Is The Closure of Cave Taureau a Bad Sign for Downtown Durham's Recent Retail Bloom? | Food Feature | Indy Week

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Is The Closure of Cave Taureau a Bad Sign for Downtown Durham's Recent Retail Bloom?

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The last month for Durham's burgeoning retail scene suddenly suggested a worrisome trend.

In May, Nice Price Books went out of business on Broad Street. And then, in mid-June, the excellent downtown wine shop Cave Taureau, situated on the ring of the Five Points intersection for the last four years, slashed prices and announced its own imminent departure, citing an impending rent increase and slumping sales. Were there too many stores for too few customers?

Alongside Duke's east campus, Nice Price was at the end of a sixteen-year run, its owner ready to retire. But Cave Taureau was just getting started, with shelves full of a wide variety of wines and bitters and beers, thoughtfully stocked by owner Noel Sherr. When Cave Taureau opened in November 2012, Sherr and his wife, Marie, and their two business partners knew they were taking a substantial risk. But Cave Taureau quickly attracted new business as a relatively early adopter of downtown Durham's retail possibilities.

"Downtown Durham was starting to get the energy. We wanted to be part of the revival," Sherr says, noting that Cave Taureau carried many of the food-friendly wines featured in nearby restaurants that could be hard to find in other shops. "We felt like what we were doing belonged here."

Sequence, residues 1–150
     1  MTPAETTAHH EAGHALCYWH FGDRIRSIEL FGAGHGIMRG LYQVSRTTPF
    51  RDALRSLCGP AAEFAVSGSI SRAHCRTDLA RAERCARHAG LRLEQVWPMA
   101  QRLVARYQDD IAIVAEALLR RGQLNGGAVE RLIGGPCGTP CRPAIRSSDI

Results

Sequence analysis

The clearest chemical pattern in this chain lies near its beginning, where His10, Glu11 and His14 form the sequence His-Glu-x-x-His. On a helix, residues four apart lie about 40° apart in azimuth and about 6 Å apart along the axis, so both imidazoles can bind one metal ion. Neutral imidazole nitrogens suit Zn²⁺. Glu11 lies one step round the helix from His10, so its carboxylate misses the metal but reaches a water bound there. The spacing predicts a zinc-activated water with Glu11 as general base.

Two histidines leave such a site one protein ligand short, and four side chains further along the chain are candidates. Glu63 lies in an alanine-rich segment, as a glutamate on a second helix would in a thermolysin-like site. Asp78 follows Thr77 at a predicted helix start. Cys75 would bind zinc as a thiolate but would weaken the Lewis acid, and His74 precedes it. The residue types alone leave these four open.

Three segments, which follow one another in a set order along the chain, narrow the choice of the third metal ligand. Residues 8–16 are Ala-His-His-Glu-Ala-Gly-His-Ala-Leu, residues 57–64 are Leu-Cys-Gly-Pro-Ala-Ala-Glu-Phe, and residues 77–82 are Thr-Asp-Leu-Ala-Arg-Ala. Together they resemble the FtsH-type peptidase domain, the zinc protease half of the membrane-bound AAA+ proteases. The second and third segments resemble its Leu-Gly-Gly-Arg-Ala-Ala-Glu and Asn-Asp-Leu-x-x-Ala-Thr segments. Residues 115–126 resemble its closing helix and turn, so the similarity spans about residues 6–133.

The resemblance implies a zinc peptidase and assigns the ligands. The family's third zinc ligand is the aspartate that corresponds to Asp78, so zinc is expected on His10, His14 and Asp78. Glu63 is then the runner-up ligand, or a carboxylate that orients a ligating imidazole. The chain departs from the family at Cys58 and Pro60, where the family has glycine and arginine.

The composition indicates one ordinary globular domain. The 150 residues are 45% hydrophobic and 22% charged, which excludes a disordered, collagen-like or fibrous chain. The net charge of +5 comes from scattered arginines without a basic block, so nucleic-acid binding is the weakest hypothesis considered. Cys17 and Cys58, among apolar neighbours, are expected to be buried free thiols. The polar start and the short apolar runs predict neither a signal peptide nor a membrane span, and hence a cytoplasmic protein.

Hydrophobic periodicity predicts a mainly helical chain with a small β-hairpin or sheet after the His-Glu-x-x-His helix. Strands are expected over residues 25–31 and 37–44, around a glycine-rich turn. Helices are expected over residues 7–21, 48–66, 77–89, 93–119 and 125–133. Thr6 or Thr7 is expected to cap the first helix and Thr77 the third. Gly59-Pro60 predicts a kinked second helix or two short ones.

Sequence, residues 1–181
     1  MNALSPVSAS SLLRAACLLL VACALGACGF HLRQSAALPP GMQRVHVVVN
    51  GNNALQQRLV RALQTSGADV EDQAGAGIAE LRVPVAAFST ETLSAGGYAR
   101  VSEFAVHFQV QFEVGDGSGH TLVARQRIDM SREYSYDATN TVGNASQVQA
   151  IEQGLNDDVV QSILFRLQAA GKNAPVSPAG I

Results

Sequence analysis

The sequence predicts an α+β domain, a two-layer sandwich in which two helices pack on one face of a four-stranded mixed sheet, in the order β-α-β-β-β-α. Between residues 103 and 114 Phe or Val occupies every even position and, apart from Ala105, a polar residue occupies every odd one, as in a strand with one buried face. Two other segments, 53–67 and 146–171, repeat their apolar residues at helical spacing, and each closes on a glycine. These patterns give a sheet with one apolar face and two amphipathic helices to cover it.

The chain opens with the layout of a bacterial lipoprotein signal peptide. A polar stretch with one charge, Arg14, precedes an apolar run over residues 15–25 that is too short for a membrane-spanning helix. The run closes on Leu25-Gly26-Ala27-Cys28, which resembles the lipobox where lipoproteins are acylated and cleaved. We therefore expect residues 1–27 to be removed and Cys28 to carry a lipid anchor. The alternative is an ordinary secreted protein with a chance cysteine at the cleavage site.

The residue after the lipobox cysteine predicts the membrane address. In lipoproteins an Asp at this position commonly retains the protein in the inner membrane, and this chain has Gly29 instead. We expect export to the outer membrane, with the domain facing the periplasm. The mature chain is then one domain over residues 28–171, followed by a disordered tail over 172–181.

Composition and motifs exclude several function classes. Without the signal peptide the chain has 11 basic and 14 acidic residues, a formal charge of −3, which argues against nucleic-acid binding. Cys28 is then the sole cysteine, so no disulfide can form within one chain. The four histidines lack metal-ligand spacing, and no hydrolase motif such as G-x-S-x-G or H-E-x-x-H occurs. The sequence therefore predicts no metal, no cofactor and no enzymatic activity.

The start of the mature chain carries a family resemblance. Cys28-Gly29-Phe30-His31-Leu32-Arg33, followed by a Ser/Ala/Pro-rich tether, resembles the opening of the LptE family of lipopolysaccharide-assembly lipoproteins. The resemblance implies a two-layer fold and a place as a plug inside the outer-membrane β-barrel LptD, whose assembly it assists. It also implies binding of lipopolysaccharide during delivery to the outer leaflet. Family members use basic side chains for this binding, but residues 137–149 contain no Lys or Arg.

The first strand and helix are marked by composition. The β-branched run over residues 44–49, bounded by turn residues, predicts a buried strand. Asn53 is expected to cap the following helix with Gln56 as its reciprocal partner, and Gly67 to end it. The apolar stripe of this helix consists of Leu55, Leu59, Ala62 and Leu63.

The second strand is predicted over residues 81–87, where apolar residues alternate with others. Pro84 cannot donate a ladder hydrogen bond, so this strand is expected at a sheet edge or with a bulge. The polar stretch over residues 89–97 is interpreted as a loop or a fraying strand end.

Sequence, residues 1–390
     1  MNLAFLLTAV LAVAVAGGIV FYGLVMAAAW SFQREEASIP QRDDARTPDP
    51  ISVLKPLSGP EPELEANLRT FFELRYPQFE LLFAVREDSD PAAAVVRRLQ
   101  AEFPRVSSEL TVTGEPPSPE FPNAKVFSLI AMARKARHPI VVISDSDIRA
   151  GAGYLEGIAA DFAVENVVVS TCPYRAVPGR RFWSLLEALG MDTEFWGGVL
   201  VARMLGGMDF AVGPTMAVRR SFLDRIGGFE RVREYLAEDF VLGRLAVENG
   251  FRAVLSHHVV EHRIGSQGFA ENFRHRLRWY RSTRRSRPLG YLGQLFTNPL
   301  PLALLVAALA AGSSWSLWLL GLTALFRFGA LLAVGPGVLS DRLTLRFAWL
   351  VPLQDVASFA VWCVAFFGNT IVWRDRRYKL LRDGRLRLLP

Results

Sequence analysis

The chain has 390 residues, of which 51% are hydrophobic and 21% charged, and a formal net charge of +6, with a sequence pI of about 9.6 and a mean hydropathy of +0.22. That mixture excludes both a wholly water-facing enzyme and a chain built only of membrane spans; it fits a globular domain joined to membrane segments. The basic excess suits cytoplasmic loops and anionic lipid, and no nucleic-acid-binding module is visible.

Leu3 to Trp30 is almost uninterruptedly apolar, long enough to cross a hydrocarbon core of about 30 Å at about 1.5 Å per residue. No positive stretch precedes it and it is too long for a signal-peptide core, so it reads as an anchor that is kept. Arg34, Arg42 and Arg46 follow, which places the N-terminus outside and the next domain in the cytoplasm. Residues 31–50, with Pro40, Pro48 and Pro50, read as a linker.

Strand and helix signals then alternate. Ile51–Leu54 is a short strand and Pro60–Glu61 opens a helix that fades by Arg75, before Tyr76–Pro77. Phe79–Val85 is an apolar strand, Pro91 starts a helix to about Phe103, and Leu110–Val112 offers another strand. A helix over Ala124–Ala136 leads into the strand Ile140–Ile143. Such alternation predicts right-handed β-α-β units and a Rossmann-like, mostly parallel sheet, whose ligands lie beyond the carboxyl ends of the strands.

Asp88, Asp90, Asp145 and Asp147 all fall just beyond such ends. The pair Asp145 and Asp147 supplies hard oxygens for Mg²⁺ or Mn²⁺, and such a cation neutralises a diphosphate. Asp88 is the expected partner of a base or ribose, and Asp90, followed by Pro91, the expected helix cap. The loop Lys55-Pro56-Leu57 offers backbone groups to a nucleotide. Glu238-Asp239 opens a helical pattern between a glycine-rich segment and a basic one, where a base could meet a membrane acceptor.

But as downtown's parking crunch escalated, sales declined. Then Cave Taureau's building was sold, which means a sharp increase in rent when the current lease ends in 2017. The new owner will need to charge market rate for the storefront space, and the downtown Durham landscape has changed radically in four years.

Sherr made the decision to exit now rather than risk more losses. He's "not happy losing money," he says, philosophically, "but I'm zero percent regretful."

Although Cave Taureau couldn't stay afloat, its arrival downtown represented a mission statement of sorts: that independent merchants—passionate and knowledgeable about their goods—wanted to be part of a rejuvenated city center's magnetism.

The acclaimed Durham restaurant boom has largely fueled the downtown renaissance. Five years ago, downtown was mostly empty after dark. Now, it bustles almost every night, but that's not quite enough, the core's new retailers agree.

"We need to give people something to do during the day," says Jennings Brody, who owns Chet Miller, the handsome, superbly selected gifts and furnishings emporium on Parrish Street. A decade ago, she opened the food retailer Parker & Otis a half mile away, and she will soon launch Tiny, a children's store, in the space beside Chet Miller. "When you come to a city, you can't eat the whole time."

Brody's retail gamble with Chet Miller is part of a new wave of commerce meant to follow those restaurants.

"Retail is inevitable," says Gabriel Eng-Goetz, who owns Runaway, a new fashion and lifestyle boutique beneath the 21C Museum Hotel on Main Street. "People don't really come downtown to shop." But they will, he hopes. "It's definitely a risk," he says, "but it's a calculated one."

Part of that calculation is feel. Downtown retailers frequently use words like "energy" and "vibe," suggesting a spirit they want to tap into and feed, even if it means waiting for an increase in sustainable residential and tourist density, the latter already higher thanks to the arrival of 21C and the Durham Hotel.

"This block has really good juju," says Brody, standing on Parrish Street.

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